For years I’d floated through life with a high-profile job, a
nice home, and a great husband. I thought I had everything. Then I
discovered I was pregnant.
Everyone told me life would change. “Sure it will,” I agreed,
dismissing their warnings with a shrug. I never really believed
life would change that much.
But as all new “parents club” members discover, life didn’t just
change — it upended. Along with my complete lifestyle and priority
overhaul came some stunning realizations. The first and most
profound: My gentle but steady departure from church had to change.
Suddenly, as I studied my child’s innocent face, the value of my
religious upbringing was paramount.
Good and evil, right and wrong. These concepts took on great
importance to me, especially as I watched my child sleeping or held
him close. Life’s great issues plagued me. I agonized through
commercials imploring viewers to sponsor impoverished children with
sad, empty eyes. I fretted over crime reports on the evening news.
I scoured studies about kids’ drug abuse and sexual activity. And I
worried. Yes, life had changed.
Once my son was old enough to begin Sunday school, I knew that was
where he needed to be. In his first year, I attended every class
under the guise of needing to stay close to my clingy 3-year-old.
But in all honesty, I think I was more eager to see firsthand what
was happening in Sunday school. What were they teaching kids, and
My childhood Sunday school experience was negative. I still can’t
quite remember what I learned or did there. What I do remember is
my humiliation and frustration in first grade because I couldn’t
memorize the Lord’s Prayer. My mother worked with me diligently,
but my brain simply wasn’t one blessed with powers of memorization.
I’d go to Sunday school each week and freeze when it was my turn to
recite the prayer. This seemingly small experience tainted my
entire view of Sunday school.
But on my son’s first day of Sunday school, I was amazed at how
different things were after 20 years. The friendly, interesting
teacher got on the floor with the children. She spoke their
language, and she explained concepts from the Bible in ways that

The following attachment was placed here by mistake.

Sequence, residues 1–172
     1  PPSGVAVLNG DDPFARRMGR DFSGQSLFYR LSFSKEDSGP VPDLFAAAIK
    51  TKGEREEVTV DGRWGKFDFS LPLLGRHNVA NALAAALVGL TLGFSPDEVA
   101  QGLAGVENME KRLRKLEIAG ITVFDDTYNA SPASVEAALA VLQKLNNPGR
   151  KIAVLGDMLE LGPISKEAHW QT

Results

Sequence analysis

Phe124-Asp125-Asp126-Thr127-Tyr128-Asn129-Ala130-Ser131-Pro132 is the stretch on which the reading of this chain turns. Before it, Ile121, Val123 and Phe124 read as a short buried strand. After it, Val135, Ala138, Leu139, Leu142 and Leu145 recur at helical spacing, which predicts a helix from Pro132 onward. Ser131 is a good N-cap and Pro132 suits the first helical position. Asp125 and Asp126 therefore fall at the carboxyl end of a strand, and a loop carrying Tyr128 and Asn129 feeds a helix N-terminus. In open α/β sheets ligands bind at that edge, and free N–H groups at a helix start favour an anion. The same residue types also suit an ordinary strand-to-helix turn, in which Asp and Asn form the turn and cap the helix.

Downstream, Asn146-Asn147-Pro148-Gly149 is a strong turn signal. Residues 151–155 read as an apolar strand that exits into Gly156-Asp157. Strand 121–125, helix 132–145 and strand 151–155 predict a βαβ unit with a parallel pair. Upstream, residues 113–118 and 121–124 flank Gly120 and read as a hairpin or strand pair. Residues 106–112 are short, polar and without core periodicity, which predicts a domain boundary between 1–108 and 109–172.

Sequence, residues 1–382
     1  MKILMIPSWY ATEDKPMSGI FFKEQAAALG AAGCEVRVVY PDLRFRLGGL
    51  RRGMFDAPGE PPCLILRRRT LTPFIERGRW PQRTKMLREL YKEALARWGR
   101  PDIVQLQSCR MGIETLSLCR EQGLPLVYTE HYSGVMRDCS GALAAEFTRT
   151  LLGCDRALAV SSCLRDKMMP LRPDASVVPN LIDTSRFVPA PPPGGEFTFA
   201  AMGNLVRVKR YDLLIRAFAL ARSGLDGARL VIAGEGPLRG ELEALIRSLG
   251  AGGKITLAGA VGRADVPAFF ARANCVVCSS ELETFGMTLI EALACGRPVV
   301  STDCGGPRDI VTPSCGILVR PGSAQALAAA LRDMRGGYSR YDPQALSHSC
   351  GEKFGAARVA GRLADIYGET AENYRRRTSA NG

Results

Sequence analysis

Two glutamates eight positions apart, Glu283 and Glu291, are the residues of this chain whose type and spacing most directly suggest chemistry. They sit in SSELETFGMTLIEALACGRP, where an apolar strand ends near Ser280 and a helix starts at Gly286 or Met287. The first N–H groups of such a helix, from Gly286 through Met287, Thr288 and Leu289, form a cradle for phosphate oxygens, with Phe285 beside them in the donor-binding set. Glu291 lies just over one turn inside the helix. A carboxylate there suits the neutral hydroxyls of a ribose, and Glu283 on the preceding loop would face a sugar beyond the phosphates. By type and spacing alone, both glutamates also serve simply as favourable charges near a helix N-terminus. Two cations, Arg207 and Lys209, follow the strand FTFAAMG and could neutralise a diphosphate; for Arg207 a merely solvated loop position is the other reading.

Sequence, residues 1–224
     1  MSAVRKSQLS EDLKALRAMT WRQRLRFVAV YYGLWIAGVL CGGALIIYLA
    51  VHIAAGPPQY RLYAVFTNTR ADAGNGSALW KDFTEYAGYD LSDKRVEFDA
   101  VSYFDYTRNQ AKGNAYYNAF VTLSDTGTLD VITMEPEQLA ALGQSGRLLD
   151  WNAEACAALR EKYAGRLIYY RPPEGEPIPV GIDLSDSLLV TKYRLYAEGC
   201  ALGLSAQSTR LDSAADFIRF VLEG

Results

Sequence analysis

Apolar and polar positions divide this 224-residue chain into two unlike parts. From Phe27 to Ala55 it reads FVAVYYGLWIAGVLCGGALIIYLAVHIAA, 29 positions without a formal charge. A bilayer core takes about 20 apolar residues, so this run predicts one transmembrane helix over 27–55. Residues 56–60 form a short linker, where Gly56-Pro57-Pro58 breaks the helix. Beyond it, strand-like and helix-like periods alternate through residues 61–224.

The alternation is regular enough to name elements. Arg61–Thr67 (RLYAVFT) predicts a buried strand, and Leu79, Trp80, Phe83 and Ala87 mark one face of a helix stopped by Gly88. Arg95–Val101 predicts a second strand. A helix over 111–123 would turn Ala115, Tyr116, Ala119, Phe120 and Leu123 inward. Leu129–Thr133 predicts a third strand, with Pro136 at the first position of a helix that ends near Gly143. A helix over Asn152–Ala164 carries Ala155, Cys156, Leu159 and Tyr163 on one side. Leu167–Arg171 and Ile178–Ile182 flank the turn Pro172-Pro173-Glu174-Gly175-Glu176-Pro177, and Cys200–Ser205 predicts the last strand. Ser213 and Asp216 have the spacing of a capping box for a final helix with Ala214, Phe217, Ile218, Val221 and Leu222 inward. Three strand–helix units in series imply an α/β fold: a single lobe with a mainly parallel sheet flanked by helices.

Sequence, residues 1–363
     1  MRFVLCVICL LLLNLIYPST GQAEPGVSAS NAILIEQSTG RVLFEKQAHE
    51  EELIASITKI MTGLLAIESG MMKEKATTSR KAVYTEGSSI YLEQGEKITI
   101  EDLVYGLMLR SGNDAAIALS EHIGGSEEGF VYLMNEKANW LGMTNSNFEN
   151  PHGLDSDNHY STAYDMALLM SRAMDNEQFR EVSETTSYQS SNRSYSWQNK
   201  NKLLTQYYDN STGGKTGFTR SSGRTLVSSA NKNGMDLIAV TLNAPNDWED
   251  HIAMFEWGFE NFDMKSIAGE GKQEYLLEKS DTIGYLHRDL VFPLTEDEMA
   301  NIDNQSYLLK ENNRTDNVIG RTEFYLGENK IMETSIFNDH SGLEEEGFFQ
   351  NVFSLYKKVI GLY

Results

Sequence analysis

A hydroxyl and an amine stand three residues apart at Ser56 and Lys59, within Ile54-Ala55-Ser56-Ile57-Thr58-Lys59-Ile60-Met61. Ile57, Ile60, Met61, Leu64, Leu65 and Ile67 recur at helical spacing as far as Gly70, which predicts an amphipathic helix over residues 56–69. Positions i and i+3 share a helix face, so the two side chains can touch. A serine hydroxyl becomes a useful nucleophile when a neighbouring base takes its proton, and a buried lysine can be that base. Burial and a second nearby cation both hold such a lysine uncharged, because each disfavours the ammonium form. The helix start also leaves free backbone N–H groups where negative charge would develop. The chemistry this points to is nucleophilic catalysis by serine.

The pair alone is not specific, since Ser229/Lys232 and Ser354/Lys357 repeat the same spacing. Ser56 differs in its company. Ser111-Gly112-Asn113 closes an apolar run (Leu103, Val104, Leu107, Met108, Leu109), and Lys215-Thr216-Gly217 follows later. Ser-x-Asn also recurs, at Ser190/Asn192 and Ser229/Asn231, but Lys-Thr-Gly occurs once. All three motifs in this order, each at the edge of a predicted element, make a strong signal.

made sense to preschoolers.
During our second year of Sunday school, I was shocked when the
teacher asked me to become a regular assistant since I attended
every Sunday anyway. I was unequipped. I didn’t know the Bible
except for the stories everybody knows. Plus, I’d only planned to
observe, not take on any “official” role. I thought it over. I
would just be an assistant, not a full-fledged teacher, so I
Now I wasn’t just an honorary member of my son’s Sunday school
class — I was required to be there. And every week in my new role
I learned more about the Bible and what it meant. As I prepared
crafts to help preschoolers visualize and internalize the lessons,
the stories of the Bible sank into me, too. Each Sunday, I worked
in the background, listening and learning along with the
And you know, life continued to change. That first Christmas in
Sunday school meant more to our family than any other Christmas. We
made a cake on Christmas day for Jesus’ birthday — chocolate
because that’s what he’d want, my son insisted. Easter became a
time of reflection and celebration, not just bunnies and colorful
eggs. Thanks to Sunday school, our family truly focused on the real
meaning of these special days.
So yes, life changed. Boy, did it. My priorities have been
rearranged. Our family refocused. My life upended. But today my
life is richer and happier than I ever could’ve imagined. As I
journey along with my son to Sunday school each week, I’m filled
with faith and joy that I’m helping build his life on God’s
foundation. And there’s something else — I must admit I’m enjoying
learning my Sunday school lessons right along with him.
Michelle Brosco Christian is the mother of two and a
freelance writer in Bel Alton, Maryland.